The dog is at the ex’s. Fortunately, you never had any kids with her. You’ve called in sick to work. You are free to do as you choose, at least with a few hundred dollars in the checking account, and about as much available on your credit cards. You could spend the day in quiet contemplation, fasting throughout the morning and afternoon, and then have a light supper of bread, tea and fruit. You could really get focused on what you need to do to change yourself to become the kind of person you’ve always wanted to be.
In your fantasies you always know what to say in any social situation. You have learned two other foreign languages, and finally got around to mastering the piano. You read GQ and Maxim, and follow the guidelines and tips they offer to men. You own a motorcycle and often rent a boat on the lake, inviting friends you met last night at the club out to get naked and drunk on the water. You travel to large, global cities and appreciate good art, food, music and wine. Your job is vaguely sales-related, but you are mostly charged with putting on dog and Powerpoint pony shows for admiring boardrooms, then waltzing away after they’ve cut you a check.
You have a robust selection of self help books and DVDs that you purchased from Half Price Books. You like the idea of reading The Art of War and The Prince to get wisdom for getting ahead–though you can’t really seem to get past the first few pages of these kinds of books, or even really sugary, motivational-speaker books written with tons of blockquotes and bullet points.
You put a guy’s movie into your desktop computer’s DVD player. You’ve been meaning to upgrade the CRT monitor, or buy a laptop, but you can’t afford these things yet. You certainly can’t afford a nice, flatscreen television, since you’ve ran up a lot of debt at clubs and restaurants. It’s 2002, so these nicer technologies are very expensive. You decide to watch a Mel Gibson buddy cop movie. After about 30 minutes, you go online to look at Ducati motorcycles and fantasize about operating a nice yellow one while wearing matching Italian racing leathers with some skinny model you met at a club. Then you masturbate.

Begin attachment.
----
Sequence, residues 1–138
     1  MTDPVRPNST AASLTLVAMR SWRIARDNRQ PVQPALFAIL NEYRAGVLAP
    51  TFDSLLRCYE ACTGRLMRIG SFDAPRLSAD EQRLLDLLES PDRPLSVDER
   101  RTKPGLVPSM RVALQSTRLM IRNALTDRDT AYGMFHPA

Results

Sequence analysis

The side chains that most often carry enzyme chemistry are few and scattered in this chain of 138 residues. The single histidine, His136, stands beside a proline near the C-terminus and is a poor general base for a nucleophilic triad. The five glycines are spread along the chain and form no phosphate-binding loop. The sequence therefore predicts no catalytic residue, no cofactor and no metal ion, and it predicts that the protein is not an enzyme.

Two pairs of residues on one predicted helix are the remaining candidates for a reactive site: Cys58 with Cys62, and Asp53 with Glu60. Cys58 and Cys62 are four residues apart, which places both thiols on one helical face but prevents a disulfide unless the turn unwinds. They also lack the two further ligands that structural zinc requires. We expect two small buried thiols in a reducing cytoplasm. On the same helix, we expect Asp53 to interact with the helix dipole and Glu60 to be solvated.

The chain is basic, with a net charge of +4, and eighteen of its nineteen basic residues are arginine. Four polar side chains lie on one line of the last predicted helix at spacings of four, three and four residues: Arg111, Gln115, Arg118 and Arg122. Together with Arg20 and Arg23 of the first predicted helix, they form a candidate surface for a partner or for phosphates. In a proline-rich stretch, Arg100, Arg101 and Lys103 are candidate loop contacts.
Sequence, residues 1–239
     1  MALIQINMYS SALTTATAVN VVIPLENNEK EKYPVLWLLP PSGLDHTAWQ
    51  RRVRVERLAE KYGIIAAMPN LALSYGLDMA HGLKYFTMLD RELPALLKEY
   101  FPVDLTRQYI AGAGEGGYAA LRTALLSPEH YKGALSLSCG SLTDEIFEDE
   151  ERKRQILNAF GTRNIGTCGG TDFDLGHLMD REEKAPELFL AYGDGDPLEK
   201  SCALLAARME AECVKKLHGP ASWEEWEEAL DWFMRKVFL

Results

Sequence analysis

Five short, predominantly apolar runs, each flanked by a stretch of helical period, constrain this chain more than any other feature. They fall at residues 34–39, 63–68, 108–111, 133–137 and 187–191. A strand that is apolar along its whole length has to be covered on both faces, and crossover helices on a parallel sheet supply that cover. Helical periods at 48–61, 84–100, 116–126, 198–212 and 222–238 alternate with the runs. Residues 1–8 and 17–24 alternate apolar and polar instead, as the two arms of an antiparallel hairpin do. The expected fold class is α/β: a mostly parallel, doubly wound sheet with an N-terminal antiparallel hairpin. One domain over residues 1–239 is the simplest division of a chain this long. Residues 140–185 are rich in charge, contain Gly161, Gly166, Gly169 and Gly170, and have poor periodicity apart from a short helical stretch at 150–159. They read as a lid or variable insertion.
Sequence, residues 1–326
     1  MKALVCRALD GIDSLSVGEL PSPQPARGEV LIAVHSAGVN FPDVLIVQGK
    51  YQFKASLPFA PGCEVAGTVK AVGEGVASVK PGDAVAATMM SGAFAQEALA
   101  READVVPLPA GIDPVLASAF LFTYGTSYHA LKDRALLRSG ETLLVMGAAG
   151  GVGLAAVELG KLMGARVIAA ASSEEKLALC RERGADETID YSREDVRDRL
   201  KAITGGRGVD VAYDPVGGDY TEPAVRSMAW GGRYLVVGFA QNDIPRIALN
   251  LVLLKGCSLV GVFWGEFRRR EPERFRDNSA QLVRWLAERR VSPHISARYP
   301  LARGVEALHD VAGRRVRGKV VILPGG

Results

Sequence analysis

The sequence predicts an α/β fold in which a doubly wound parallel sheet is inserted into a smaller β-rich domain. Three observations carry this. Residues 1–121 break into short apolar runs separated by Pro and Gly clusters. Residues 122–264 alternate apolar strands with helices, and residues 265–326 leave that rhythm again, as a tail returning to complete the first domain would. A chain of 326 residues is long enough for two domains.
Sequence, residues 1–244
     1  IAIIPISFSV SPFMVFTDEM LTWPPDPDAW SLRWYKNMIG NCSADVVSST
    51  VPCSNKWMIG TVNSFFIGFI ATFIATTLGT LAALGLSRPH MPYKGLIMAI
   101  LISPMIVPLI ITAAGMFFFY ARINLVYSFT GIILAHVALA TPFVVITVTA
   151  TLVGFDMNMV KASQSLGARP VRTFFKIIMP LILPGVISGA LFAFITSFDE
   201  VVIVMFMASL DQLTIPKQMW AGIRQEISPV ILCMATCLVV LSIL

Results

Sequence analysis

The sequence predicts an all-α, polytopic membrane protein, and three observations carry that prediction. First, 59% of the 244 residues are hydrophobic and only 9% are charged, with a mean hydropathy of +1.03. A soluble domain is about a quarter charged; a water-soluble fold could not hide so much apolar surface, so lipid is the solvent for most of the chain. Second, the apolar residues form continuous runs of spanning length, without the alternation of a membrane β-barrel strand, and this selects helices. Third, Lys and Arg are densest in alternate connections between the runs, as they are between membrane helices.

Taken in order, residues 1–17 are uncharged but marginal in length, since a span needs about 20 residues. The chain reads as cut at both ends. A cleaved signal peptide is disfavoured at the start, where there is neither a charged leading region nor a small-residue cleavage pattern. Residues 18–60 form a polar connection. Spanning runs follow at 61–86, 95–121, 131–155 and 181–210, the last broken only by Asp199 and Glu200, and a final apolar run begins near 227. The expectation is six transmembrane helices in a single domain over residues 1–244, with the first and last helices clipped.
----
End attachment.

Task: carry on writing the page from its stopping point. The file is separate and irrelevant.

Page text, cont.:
After spending two hours cleaning all of the viruses and spyware off of your hard drive, you take a nap. Then, you call your friend Dean.
“Dean, let’s go downtown.”
“Okay, where are we going?”
“We could go get some wings.”
“We always go get wings, let’s go to a bar where we can drink beer and scotch, and shoot pool.”
“Or do karaoke.”
“Or do karaoke.”
You meet Dean at a bar where he used to work, and he carries on a conversation with the bartender, completely ignoring you.
You believe a girl is smiling at you from three stools over. You smile at her, and she smirks, then her boyfriend returns from the men’s room to drape himself over her with his back to you.
That’s when you realize that you’ve traveled back in time, and you are repeating a night that already happened. This was ten years ago. You tell Dean that you need to go home because you have a headache, and he makes fun of you, inviting the bartender to join in the derision.